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An open gesture from China to the maritime world

Reaching out – the imaginative National Maritime Museum of China is a product of a strong architectural vision from Cox Architecture and ground-breaking digital modelling

Designed by Cox Architecture

From the architects:

China's first National Maritime Museum has commenced formal operation, the culmination of a 6-year process that began with an international design competition, followed by an intensive design and construction process.

The Museum has a distinctive form that reaches out into the bay from a large waterfront parkland. Behind the parkland, a new city district of Tianjin is being developed – the Binhai New Area.

A landmark project, the museum comprises four wings, focusing on the themes of "the ancient ocean", "ocean today", "journey of discovery" and "the age of the dragon".


The three-storey museum, covering 80,000m², is made up of six display areas and 15 exhibition halls.

The halls are interconnected so visitors have the opportunity to understand and interpret China’s maritime evolution in relation to events in Europe, America, and wider Asia.

Cox Architecture was awarded the project in 2013 after winning an 8-month iterative design competition.

The building comprises a series of interconnected pavilions that cantilever out over the water in a ‘fan-like’ formation from a central reception hall.

This central space is both for transition and exhibition and provides access to the upper of the two exhibition levels.

On the lower level, stores for non-exhibited collections are co-located on-site to enable artefacts to be easily distributed to each of the adjacent exhibition spaces.

From Philip Cox’s initial watercolour sketches, the design evolved and certain compelling metaphors were either resolved or emerged – jumping carp, corals, starfish, moored ships in port and an open palm reaching out from China to the maritime world.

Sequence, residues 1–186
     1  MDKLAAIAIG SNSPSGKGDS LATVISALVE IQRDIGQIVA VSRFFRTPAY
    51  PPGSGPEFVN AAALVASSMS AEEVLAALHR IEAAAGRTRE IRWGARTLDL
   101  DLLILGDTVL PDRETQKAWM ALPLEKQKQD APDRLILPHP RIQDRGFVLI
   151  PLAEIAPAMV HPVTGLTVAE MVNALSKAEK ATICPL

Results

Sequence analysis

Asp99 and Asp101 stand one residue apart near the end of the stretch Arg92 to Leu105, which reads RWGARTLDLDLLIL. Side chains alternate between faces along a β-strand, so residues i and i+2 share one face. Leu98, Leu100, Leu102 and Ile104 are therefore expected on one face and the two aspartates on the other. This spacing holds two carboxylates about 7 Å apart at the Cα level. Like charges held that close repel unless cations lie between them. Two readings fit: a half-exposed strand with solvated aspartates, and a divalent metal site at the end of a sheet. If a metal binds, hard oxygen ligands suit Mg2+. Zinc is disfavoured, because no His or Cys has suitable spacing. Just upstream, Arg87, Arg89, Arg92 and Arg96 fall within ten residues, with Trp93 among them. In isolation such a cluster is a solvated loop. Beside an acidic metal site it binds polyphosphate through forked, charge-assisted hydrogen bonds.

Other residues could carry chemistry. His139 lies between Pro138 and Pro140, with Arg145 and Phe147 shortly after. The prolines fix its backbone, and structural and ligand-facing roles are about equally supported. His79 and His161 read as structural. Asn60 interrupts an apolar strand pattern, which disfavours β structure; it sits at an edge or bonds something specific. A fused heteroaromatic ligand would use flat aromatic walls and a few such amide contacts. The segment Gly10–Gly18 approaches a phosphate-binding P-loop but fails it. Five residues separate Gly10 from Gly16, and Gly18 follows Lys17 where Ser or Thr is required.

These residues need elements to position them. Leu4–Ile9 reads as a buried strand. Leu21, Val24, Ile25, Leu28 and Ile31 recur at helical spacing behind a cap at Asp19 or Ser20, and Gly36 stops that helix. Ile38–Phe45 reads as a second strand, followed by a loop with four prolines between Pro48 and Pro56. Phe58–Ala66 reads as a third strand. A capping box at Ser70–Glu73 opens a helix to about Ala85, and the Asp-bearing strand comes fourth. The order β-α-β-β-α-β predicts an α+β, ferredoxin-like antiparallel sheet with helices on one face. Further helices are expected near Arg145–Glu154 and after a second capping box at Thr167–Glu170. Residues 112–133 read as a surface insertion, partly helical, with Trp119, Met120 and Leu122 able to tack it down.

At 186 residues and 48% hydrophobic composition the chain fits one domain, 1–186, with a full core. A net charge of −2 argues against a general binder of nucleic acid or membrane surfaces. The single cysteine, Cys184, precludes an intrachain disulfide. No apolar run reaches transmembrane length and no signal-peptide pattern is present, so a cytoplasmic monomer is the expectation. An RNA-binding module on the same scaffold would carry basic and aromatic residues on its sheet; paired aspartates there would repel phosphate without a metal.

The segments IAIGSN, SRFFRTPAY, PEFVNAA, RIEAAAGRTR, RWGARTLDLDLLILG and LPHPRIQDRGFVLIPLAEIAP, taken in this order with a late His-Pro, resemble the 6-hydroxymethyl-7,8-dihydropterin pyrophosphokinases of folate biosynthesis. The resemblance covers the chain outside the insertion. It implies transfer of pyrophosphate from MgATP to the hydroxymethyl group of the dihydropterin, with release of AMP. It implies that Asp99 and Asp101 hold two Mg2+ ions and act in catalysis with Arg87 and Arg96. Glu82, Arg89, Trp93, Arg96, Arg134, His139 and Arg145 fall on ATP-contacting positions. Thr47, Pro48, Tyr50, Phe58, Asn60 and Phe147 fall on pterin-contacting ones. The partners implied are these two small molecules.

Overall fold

Without resorting to literal mimicry, some are more obviously expressed, such as in the geometric pattern and textures of the cladding, also functionally designed to shed heavy snow loads during harsh winters typical in this part of China.

The articulated pavilions provide a constant connection between inside and out.

The user experience exists within the landscape and is a key organising device of the plan, helping to orientate visitors on their journey experience.

During development of the design, both physical and digital modelling was carried out to test the building structure and many of the key details of the design. This greatly improved the quality of outcomes and assisted communication beyond any language barriers.

The process was innovative in its deployment of parametric computer modelling that allowed both scale and detail to be resolved concurrently. And this was particularly ground-breaking for a project of this size, scale, complexity and location.

Physical models focused on human scale and interaction while complex geometric algorithms resolved the doubly curved building ‘shell’ and its related cladding system.